Address: 87 Federal St, Auckland Phone: (09) 363 6000 Bookings: email@example.com Rating out of 10: Food: 8 Service: 7 Value: 6 Ambience: 8 Cost: We spent $271 for three
The dim sum platter is a jewel box with a bamboo lid. Inside, a prawn dumpling with the lustre of pearl and a shining spinach and crystal crab dumpling made shinier with black caviar. The shrimp and chicken siew mai is prettily crimped; opposite, steamed vegetables fill a wrapper that gleams saffron gold.
"They should be coated in actual gold," says one of my dining companions.
She is Gisborne-born Chinese - and she is imagining her mother's reaction to a $20 bill for four dumplings.
Huami is the contemporary Chinese addition to SkyCity's stable of high-end eateries. Just inside the big red door is a fish tank full of fat crayfish. Price-check? $220 a kilo.
At the table (comfy chairs, plenty of space between diners) we consult the drinks list. The Remy Martin Louis XIII cognac is $365 a glass. A bottle of Te Whare Ra "Toru" sets us back a more manageable $60.
Huami looks luxe. Lacquered screens, an enormous kitchen and, en route to the bathroom, an astonishing glass cabinet chocka-full of plucked ducks.
The birds are stuffed with ginger, garlic, licorice and more, before being dried for up to two days then blasted juicy-crispy in an oven fired with plum, manuka and kanuka wood.
The result is very, very good. Not a hint of stringiness, and skin that crunches. We order a half-size peking duck and it comes, boneless, with plenty of meat and pancakes (we needed more spring onion and cucumber) and a homemade hoisin that's more salty and less sweet than the bottle in my pantry. It's served on a duckheaded ceramic tray that could be tacky but, in the $48 circumstances, is not.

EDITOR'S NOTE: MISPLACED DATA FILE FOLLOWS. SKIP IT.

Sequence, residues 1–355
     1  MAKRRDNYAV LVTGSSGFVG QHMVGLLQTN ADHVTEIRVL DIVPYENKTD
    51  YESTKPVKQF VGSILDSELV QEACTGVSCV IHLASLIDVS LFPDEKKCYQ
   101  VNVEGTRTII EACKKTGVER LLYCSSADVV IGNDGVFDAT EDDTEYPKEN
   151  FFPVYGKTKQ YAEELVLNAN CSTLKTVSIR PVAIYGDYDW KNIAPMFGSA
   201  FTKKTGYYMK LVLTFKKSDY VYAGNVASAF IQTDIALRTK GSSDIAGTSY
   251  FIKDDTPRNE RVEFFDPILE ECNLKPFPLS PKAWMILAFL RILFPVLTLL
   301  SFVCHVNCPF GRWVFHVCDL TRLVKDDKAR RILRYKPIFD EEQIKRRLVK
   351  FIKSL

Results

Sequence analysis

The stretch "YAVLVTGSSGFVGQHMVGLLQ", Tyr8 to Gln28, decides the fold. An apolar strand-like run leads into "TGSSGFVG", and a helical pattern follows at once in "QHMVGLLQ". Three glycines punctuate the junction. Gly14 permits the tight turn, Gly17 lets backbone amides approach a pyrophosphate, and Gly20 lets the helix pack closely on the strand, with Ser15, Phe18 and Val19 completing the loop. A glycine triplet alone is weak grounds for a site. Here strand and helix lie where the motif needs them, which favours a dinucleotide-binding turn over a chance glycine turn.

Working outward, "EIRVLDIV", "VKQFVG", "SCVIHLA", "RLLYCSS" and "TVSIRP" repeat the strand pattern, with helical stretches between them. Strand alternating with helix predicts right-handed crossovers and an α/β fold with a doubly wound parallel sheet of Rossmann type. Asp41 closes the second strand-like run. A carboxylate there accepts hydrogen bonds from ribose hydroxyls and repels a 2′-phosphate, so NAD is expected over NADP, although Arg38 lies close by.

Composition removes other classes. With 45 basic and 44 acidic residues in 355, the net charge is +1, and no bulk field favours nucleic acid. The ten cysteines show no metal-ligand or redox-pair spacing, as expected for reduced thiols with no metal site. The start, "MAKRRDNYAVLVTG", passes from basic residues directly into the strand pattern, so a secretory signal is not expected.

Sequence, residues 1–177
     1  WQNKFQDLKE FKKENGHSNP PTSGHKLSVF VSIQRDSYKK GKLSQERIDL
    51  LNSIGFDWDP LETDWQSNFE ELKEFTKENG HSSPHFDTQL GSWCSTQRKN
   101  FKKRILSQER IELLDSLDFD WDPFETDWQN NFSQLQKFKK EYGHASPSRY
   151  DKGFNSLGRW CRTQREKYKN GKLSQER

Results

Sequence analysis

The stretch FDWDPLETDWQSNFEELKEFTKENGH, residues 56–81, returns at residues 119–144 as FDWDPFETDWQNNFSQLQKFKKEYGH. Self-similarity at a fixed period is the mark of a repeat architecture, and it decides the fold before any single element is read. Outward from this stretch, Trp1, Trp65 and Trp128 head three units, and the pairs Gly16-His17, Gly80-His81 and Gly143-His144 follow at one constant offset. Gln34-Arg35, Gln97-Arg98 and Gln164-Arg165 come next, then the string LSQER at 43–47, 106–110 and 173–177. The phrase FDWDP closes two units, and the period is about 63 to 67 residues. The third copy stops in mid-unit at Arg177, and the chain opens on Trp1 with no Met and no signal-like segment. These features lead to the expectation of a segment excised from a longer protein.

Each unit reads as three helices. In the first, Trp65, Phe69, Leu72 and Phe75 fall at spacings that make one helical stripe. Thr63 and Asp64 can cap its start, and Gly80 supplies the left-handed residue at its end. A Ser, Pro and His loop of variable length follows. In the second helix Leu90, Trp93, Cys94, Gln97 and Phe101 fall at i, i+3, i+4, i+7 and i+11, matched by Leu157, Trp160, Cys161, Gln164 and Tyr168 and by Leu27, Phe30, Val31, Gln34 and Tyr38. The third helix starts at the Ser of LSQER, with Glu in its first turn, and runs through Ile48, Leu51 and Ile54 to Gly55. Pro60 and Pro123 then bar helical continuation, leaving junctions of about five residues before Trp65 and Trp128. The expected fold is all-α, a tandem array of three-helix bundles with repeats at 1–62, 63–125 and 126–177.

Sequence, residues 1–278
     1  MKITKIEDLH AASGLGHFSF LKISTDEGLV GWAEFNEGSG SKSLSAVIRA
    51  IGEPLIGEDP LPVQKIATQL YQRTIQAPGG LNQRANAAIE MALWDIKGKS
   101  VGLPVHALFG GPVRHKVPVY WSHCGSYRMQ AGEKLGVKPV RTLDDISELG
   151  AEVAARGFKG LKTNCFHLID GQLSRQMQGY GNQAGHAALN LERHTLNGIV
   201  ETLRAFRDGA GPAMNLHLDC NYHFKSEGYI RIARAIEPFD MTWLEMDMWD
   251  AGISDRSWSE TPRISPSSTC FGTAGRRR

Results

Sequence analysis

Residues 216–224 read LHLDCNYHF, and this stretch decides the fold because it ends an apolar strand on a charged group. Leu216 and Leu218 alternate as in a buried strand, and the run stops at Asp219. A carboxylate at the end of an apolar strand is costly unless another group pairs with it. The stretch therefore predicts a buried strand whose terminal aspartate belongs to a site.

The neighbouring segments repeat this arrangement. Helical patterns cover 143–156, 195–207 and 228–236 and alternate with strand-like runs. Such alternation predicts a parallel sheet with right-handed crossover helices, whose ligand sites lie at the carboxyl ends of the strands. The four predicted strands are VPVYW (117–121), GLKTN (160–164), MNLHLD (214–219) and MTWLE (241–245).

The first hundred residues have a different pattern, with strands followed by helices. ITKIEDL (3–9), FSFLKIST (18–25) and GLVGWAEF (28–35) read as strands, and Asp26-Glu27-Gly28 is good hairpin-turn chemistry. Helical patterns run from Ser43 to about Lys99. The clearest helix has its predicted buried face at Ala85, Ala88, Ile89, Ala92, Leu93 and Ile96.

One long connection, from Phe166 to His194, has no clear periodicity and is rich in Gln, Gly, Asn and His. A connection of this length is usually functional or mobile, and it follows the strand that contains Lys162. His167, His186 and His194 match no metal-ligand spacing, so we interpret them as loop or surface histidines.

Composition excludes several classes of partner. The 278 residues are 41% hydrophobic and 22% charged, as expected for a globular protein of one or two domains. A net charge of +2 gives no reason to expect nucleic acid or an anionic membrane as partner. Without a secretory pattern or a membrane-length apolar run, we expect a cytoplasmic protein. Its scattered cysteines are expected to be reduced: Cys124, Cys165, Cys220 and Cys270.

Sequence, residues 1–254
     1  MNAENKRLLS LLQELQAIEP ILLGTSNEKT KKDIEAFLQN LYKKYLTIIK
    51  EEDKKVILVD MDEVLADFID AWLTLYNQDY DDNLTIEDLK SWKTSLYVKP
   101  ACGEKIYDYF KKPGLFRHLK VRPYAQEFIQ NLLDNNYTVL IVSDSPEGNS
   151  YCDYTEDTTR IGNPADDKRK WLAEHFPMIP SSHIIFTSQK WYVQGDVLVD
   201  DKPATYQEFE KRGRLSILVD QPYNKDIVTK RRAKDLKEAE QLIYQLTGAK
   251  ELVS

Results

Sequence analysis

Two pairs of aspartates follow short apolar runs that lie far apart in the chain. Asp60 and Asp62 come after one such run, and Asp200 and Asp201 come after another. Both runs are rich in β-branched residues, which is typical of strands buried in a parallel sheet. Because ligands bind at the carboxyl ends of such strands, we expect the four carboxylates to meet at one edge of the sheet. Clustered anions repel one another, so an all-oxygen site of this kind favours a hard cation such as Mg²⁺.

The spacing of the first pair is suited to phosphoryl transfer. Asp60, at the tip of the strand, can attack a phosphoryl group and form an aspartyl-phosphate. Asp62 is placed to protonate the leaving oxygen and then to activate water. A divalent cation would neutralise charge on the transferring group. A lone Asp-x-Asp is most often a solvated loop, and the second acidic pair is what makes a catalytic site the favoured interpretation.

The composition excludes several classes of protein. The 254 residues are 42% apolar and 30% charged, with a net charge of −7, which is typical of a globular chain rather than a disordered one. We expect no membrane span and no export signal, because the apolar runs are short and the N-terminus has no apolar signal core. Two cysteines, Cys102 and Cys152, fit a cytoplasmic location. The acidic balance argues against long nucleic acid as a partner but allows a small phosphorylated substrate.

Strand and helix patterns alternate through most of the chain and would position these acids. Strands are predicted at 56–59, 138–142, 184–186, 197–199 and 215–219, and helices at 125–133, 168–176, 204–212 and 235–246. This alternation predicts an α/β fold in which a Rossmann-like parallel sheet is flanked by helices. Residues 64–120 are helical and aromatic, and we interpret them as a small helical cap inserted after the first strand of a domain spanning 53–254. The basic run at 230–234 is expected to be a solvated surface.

Chinese restaurant menus are, invariably, large. We spend ages, turning page after page. The waitstaff are happy to answer questions (even if their answers are wrong - kanuka, for the record, is not a kind of apple) but offer little guidance. We agreed, for example, to receive our food when it was ready, but I never imagined every dish we ordered would be ready within the same three-minute window.
How much to order? Eight dishes for good fortune, six for luck. Four is death, but multiples of three are invariably great (cheat and count the rice if you have to). My companions advise me to seek an equilibrium. Cool (think bitter melon, lettuce and seaweed) and hot (chillies, pepper, deep fried and spicy), and not too much of the same flavour.
Probably then, one duck dish was enough (I've heard good things about the wok-fried beef ($48) and the garlic steamed prawns ($40) at the next table looked amazing) but how great does clay pot duck and chestnut with bean sauce sound? Actually, it reads better than it tasted. Plenty of meat and mealy chestnuts, but the sauce was very thick, and once cooled, gluggy.
We'd thought about starting with soup. "Buddha jumps over the wall" is a traditional dish of dried delicacies. Huami's includes scallop, fish maw, abalone, and sea cucumber - with a $68 single-serve price tag. Next payday, maybe. Crispy octopus ($22) and crispy aubergine ($12) both hit their textural brief, but one tasted only vaguely of seafood and the latter of nothing but batter. It was like eating the stray bits from a fish and chip vat.
More successful was the home-made spinach egg tofu with oyster mushrooms ($24). The latter were dead ringers for button mushrooms, but no matter, because the texture and flavour of these savoury, slippery slabs of custardy goodness was sublime.
We shared an $18 mango pudding (fresh and lovely) with roasted pineapple (duller on the palate than we expected) and happily accepted an offer to have all our leftovers boxed up.
I would go back to Huami for the peking duck, and I'd absolutely jump a wall for the tofu. But today, I'll be having leftover duck and chestnuts, because it was $38 and I suspect my friend's mother would have something to say about wasting that.